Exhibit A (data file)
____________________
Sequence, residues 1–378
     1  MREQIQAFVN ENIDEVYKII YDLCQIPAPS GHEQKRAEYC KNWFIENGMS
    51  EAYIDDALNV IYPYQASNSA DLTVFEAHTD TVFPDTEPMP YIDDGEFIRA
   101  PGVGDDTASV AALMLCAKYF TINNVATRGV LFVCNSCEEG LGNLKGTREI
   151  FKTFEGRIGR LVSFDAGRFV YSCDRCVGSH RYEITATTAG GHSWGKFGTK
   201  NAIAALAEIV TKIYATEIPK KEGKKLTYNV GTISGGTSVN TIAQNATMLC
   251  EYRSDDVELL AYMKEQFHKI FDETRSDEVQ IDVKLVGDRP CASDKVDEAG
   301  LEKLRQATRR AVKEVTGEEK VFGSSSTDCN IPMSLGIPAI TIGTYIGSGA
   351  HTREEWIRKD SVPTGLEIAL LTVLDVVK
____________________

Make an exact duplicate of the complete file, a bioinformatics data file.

Sequence, residues 1–378
     1  MREQIQAFVN ENIDEVYKII YDLCQIPAPS GHEQKRAEYC KNWFIENGMS
    51  EAYIDDALNV IYPYQASNSA DLTVFEAHTD TVFPDTEPMP YIDDGEFIRA
   101  PGVGDDTASV AALMLCAKYF TINNVATRGV LFVCNSCEEG LGNLKGTREI
   151  FKTFEGRIGR LVSFDAGRFV YSCDRCVGSH RYEITATTAG GHSWGKFGTK
   201  NAIAALAEIV TKIYATEIPK KEGKKLTYNV GTISGGTSVN TIAQNATMLC
   251  EYRSDDVELL AYMKEQFHKI FDETRSDEVQ IDVKLVGDRP CASDKVDEAG
   301  LEKLRQATRR AVKEVTGEEK VFGSSSTDCN IPMSLGIPAI TIGTYIGSGA
   351  HTREEWIRKD SVPTGLEIAL LTVLDVVK